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Archive for August, 2008

Lack of Investment Slows Economy

My take on today’s second-quarter Gross Domestic Product (GDP) release follows: Economy Shrinks, But Dodges Recession Canada’s GDP was lower at the end of June ($1,327,118 million) than at the end of last year ($1,328,606 million). Although the Canadian economy is smaller now than it was two quarters ago, it is technically not in recession […]

Recession, or No Recession?

What a cliff-hanger!  0.3% annualized growth for the 2Q, and no “official recession” (not yet, anyway).  I win my own pool (with my 0.2% guess).  I will devote my winnings to the CCPA.  The other guesses are posted in the comments section of the original recession-watch blog post here: http://www.progressive-economics.ca/2008/08/09/jimbos-official-recession-watch-lottery/ Couple of tidbits in today’s […]

Balancing on a Barrel: Canada’s Second-Quarter Current Account

In the second quarter of 2008, record oil prices outweighed the continuing manufacturing crisis, the worst services deficit ever recorded, and widening deficits in investment income and current transfers. The Surplus in Perspective The rise of Canada’s current-account surplus to $6.8 billion in the second quarter is positive news for the Canadian economy.  However, this surplus is […]

The People of Saskatchewan vs. PCS

The United Steelworkers union has been on strike at three Potash Corporation of Saskatchewan mines since August 7. This labour dispute raises much broader questions about the distribution of resource rents. The following op-ed, printed in today’s Regina Leader-Post, updates the op-ed printed in the Saskatoon StarPheonix before the strike. Workers, citizens miss potash profits The […]

Inflation Hits Wages

Comparing today’s Consumer Price Index figures for July 2008 with Labour Force Survey figures for the same month reveals that the annual increase in Canada’s average hourly wage (4.0%) barely exceeded the annual increase in Canadian consumer prices (3.4%). As a result, real wages rose by only 0.6% over the past year. In fact, relative […]

EI and Displaced Older Workers

The Task Force on Older Workers appointed by HRSDC Minister Solberg did endorse – in a limited way- labour’s call for severance pay to be ignored for EI purposes – but only for long tenure workers with a record of no prior EI claims in the previous 5 years. (My earlier post on this is  […]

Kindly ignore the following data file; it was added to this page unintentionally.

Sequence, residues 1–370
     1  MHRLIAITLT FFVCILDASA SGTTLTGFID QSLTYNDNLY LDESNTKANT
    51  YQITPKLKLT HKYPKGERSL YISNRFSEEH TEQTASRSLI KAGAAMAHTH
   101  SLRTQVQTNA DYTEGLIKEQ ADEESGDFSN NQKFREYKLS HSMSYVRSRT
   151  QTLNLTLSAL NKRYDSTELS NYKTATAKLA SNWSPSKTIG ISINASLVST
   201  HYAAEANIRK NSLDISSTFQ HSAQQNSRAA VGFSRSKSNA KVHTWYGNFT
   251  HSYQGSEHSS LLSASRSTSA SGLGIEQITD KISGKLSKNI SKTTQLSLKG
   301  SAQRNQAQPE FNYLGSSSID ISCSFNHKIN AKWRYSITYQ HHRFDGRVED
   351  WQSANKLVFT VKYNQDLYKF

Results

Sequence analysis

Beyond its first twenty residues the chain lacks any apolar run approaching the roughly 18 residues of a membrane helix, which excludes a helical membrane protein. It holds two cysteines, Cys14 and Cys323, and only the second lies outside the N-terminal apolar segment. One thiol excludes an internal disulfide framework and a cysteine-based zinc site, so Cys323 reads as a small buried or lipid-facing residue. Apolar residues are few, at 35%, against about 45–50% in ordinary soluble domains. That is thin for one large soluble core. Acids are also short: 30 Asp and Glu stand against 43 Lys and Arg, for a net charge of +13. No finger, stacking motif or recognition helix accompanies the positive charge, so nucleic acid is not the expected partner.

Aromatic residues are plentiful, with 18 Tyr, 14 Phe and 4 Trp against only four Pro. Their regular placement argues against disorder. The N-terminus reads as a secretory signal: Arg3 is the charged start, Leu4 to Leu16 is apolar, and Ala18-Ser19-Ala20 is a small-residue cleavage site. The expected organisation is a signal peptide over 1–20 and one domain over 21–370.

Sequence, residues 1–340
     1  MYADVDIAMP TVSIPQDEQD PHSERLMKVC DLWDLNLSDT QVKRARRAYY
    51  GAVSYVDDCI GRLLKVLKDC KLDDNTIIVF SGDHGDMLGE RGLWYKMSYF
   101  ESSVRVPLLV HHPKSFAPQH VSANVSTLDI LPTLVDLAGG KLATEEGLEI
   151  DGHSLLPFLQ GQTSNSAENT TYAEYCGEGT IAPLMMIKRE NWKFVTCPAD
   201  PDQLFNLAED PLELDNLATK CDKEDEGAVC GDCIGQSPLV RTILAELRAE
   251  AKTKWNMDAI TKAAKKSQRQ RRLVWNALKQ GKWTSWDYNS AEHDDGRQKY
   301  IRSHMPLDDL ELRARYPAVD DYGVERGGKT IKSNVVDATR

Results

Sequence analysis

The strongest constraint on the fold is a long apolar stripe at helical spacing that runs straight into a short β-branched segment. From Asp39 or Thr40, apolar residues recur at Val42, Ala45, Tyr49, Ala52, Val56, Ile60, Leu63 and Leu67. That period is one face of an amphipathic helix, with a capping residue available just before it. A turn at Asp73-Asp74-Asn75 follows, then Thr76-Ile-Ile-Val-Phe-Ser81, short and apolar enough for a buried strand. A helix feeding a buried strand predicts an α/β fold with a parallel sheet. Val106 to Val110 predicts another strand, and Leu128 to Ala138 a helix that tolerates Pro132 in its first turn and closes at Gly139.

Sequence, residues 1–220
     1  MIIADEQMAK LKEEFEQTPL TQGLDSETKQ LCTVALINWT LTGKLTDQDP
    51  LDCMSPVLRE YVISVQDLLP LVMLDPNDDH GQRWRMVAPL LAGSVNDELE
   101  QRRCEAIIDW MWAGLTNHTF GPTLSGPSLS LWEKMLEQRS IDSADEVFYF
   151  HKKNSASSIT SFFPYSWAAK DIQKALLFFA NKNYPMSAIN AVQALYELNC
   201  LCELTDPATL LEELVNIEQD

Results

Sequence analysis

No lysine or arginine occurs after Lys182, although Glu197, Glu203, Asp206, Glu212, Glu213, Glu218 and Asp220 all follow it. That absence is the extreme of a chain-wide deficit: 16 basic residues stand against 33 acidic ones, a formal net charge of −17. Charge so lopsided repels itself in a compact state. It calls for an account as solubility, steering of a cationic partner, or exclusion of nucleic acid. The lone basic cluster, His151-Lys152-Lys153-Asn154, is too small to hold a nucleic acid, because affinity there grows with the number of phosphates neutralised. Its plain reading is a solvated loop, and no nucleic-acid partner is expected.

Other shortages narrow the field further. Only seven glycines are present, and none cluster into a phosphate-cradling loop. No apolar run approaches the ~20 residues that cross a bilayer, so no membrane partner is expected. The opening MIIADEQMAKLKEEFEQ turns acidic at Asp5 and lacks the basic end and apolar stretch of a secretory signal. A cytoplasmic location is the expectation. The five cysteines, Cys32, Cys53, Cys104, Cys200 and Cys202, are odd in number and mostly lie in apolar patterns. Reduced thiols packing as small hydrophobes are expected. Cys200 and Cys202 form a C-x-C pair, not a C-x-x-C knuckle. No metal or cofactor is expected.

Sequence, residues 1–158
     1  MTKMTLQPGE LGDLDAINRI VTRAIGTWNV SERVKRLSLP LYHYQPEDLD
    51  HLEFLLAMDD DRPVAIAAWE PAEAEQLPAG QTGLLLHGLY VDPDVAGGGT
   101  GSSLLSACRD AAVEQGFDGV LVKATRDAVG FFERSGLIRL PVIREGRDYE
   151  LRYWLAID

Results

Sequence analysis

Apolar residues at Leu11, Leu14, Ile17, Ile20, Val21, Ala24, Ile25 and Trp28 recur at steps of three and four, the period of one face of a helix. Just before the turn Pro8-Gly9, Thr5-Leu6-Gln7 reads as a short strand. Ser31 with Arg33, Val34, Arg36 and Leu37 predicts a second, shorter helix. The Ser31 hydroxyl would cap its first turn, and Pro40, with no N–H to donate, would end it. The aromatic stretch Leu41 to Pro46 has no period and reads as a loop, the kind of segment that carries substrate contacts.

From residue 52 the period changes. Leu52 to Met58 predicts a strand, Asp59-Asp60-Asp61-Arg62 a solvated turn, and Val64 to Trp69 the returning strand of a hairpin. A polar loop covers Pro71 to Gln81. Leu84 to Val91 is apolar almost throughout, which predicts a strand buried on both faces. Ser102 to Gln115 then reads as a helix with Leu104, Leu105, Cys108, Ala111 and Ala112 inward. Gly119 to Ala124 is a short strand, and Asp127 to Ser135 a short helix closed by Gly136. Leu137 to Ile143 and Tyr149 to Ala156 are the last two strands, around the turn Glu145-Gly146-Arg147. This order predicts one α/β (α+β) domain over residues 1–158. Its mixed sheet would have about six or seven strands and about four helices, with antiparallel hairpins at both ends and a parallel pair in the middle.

Stock Markets vs. The Real Economy

In Saturday’s Globe and Mail, Brian Milner summarized Vitaliy Katsenelson’s historical analysis of American stock markets. He distinguishes “bull markets” from “range-bound markets”: . . . growth patterns may be similar. What separates the two are stock valuations, which soar to such unrealistic heights during raging bull periods that it takes years for them to […]

Olympic Alchemy

Since Vancouver is the next Olympic city, I have a morbid fascination with the ongoing trials and tribulations that we call the Olympics. Suffice it to say that China definitely got a black eye from the extra publicity in the lead-up to the Games, on Tibet, crackdowns on protest, pollution and smog, and displaced workers […]

Wal-Mart and US Politics

Several American labour groups have filed a complaint against Wal-Mart for instructing its employees to vote against Obama and other Democrats. I first got wind of this electoral controversy a couple of weeks ago through The Hamilton Spectator, which printed an Associated Press story that succinctly outlines Wal-Mart’s actions and the Employee Free Choice Act […]

More Statscan Censorship?

Once again, there seems to be a heavier hand in censoring or editing Statistics Canada’s releases.  This morning The Daily reported that: “Spending on research and development in the higher education sector amounted to $9.6 billion (current dollars) in the fiscal year 2006/2007.” but there was no word on whether this was an increase or decrease from the […]

Attention PCS Investors

The United Steelworkers’ union has just issued the following release: SHAREHOLDER ALERT: PCS STOCK UNDERPERFORMING COMPETITOR DURING STRIKE SASKATOON, SK — United Steelworkers’ (USW) Western Canada Director Stephen Hunt said Thursday that investors should use their influence to urge Potash Corporation of Saskatchewan (PCS) management to negotiate a settlement with Steelworkers on strike at three […]

More Rose-Colouring from Statistics Canada